He wrote on Twitter on Sunday that the agreement at Charlevoix would, among other things, strengthen “our economies,” and protect women and the environment. “That’s what matters.”
Canadian fury at Trump notwithstanding, analysts said it was difficult to overstate the damage that bad relations with him could cause to the Canadian economy. Canada relies on the United States as its only neighbor, its military ally and its largest trading partner.
About 1.9 million Canadian jobs are tied directly to trade with the United States, which absorbs almost three quarters of Canada’s exports.
“Any Canadian prime minister, no matter what the American president does or says, has to deal with the president of the United States,” said Janice Stein, founding director of the University of Toronto’s Munk School of Global Affairs.
Nevertheless, some analysts said Mr. Trump’s attack could work to politically embolden Mr. Trudeau, a Liberal, whose popularity has been waning here after a series of missteps and the rise of populism, including Mr. Ford’s recent election as the premier of Ontario.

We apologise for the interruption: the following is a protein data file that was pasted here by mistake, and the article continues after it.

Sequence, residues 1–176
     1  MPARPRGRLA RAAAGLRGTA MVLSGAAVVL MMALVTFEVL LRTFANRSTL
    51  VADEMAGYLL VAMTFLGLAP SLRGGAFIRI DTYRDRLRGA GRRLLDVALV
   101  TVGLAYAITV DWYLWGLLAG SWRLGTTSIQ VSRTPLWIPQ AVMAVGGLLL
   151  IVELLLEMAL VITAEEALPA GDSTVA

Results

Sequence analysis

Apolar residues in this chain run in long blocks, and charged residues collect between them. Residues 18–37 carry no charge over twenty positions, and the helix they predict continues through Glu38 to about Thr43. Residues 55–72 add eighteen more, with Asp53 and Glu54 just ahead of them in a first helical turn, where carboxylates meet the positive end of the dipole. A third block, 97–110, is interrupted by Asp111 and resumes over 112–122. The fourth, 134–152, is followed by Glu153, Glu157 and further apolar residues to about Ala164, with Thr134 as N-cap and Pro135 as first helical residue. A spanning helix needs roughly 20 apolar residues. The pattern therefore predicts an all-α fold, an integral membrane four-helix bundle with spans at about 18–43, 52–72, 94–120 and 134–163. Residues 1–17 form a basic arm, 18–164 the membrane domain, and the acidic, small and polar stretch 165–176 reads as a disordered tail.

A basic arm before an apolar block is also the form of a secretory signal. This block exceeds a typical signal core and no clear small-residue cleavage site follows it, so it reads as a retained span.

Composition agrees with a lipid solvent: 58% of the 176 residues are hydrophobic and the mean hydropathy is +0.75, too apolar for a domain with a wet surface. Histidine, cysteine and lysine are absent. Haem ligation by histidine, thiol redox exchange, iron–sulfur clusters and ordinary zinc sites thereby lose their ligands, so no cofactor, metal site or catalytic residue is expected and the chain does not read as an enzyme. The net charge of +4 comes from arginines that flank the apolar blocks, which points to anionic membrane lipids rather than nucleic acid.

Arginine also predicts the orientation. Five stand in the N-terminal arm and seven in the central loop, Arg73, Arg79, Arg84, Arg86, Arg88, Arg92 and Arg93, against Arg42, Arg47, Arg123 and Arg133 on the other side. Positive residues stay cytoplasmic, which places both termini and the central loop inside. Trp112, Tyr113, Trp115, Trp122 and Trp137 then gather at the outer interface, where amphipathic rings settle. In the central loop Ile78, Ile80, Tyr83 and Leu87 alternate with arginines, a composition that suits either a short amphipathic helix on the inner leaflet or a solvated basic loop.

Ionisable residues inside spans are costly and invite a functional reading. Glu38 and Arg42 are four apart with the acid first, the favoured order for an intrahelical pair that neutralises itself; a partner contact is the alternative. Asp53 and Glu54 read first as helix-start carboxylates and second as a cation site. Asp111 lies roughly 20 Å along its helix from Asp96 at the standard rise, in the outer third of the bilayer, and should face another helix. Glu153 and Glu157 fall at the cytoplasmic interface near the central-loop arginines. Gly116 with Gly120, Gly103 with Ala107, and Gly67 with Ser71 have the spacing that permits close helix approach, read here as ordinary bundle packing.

John J. Kirton, director of the G-7 Research Group at the University of Toronto, a network of people who study the gatherings, said Mr. Trudeau, who faces an election next year, needed to appeal to rural voters in Ontario and Quebec and show that he was protecting Canada’s heartland in the face of Mr. Trump’s protectionism.
“Every Canadian prime minister has to be seen to protect the dairy sector,” Mr. Kirton said. Mr. Trump has repeatedly attacked Canada’s tariffs on dairy imports.
Mr. Trudeau has been philosophical about the limits of Canada’s ability to placate Mr. Trump.
“If the expectation was that a weekend in beautiful Charlevoix surrounded by all sorts of lovely people was going to transform the president’s outlook on trade and the world,” he said in his final news conference at the summit before the tweet storm, “then we didn’t quite perhaps meet that bar.”